Laith Hammoudi (McClatchy Newspapers) reports 25 corpses discovered in Baghdad. Counting corpses discovered it's 121 reported dead today.Today the US military announced: "Three Multi-National Division - Baghdad Soldiers were killed and six others wounded when an explosively formed penetrator detonated near their patrol during combat operations in an eastern section of the Iraqi capital July 31." And they announced: "A Multi-National Division-Baghdad Soldier was killed by small arms fire during combat operations in an eastern section of the Iraqi capital July 31."
This brings the
ICCC totals for number of US service members killed in the illegal war since it started in March 2003 to 3657 and the number of announced deaths for the months of July thus far to 78 making July 2007 the deadliest July for US troops since the start of the illegal war. The first July (2003) saw the deaths of 43 US troops, July 2004 saw 54, July 2005 also saw 54 and July 2006 saw 43. With 77 announced deaths thus far, this was the deadliest July of the illegal war for US troops.
Which we repeat because
Big Media largely missed that point. Amy Goodman (Democracy Now!) shared reality this morning, "U.S. commanders meanwhile are touting last month's US death toll as a sign of progress on the ground. Seventy-seven servicemembers were killed in July, the lowest monthly total since November. But the July total is also the highest over the five Julys since the U.S. invasion. The July death toll one year ago was forty-three."
Are there more July deaths to be announced?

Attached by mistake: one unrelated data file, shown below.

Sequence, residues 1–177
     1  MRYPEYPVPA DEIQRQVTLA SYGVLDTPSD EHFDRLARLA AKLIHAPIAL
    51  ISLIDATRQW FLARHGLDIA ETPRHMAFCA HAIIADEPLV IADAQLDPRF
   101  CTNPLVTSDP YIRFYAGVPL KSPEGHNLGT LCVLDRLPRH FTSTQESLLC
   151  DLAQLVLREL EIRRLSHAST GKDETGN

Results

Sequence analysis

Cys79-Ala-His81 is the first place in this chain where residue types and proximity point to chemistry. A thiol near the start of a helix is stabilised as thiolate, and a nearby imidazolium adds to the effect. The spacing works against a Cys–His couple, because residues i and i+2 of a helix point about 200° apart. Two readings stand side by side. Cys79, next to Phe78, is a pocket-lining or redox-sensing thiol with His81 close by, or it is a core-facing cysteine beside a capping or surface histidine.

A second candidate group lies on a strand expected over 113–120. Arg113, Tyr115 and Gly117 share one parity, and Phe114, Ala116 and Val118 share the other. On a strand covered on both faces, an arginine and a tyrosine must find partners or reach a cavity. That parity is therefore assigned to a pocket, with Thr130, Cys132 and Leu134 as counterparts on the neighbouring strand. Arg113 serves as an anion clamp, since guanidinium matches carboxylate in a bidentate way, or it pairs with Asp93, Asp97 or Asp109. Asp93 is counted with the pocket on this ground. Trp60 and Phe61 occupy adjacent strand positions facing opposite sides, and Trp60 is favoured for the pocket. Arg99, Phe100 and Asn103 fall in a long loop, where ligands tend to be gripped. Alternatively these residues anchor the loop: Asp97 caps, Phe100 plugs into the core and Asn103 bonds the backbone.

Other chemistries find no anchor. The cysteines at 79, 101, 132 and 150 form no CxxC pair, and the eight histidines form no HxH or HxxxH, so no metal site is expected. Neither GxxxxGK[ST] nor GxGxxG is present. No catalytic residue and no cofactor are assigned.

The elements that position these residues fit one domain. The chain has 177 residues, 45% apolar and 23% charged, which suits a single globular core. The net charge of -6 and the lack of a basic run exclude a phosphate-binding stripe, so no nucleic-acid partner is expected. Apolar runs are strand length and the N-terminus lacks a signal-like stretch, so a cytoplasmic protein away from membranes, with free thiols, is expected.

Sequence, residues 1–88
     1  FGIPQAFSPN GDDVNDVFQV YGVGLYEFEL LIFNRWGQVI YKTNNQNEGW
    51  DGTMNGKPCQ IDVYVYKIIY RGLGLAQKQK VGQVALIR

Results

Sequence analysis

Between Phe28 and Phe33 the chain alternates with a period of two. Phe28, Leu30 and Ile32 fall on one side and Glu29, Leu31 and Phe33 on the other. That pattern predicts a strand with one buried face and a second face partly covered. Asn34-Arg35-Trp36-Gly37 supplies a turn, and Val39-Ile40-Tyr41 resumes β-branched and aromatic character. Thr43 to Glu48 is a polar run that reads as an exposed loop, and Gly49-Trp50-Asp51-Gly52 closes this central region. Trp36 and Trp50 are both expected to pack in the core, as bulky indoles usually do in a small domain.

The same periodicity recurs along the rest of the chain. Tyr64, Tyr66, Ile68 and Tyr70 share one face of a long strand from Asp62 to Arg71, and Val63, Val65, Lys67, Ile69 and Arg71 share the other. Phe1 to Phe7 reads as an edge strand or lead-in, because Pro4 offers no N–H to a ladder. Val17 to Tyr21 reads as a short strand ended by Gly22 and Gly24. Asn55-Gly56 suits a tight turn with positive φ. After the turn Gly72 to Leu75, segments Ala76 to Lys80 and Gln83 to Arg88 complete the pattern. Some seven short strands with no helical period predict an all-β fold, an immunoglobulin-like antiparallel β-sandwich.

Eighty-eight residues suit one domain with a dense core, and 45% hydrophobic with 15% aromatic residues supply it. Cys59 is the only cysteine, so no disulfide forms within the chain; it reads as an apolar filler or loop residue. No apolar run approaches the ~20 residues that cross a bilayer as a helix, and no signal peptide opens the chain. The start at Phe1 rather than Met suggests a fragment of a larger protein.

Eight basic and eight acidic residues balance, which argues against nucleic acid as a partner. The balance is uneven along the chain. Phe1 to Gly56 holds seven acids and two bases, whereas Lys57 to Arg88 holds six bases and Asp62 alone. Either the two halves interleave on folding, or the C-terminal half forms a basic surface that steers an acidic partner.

Last week we saw deaths announced as late as four days later. It happened this week and, in fact, for the month, the standout feature about deaths was how slowly MNF announced them. The July announced deaths is now at 78. And the press wants to run with the nonsense that this is an improvement? Are they serving Lt. Gen. Raymond T. Odierno? Last Thursday, he gave the Operation Happy Talk point that the deaths were "falling" and cited the July totals as good news. It's not. Nor is it a sign that the escalation is working. But notice how many outlets grabbed that talking point and repeated it today.
Today the
UK Ministry of Defence announced: "It is with much sadness that the Ministry of Defence must confirm the death of a British soldier from the 2nd Royal Tank Regiment in Basra City, southern Iraq last night, Tuesday 31 July 2007. The soldier died as a result of injuries sustained by an Improvised Explosive Device attack which targeted a British Forces Warrior vehicle patrol that was carrying out routine duties in the Mustashfa district of Basra City." This death brings to 8 the number of British soldiers who died in Iraq last month and brings to 164 the total number killed in the illegal war since it started.
Thank goodness we have an independent press. Thank goodness we have a press that doesn't just run with whatever talking point they are fed.
In other news,
the pig who should probably be behind bars is squealing again. Not booked on The Nation cruise -- indicating that perhaps Katrina vanden Heuvel's fine with promoting his work but doesn't wasn't associate with known pedophiles -- he kicks up his own feces at Truth Dig today. (Link goes to Truth Dig's main page. We do not link to that pig.)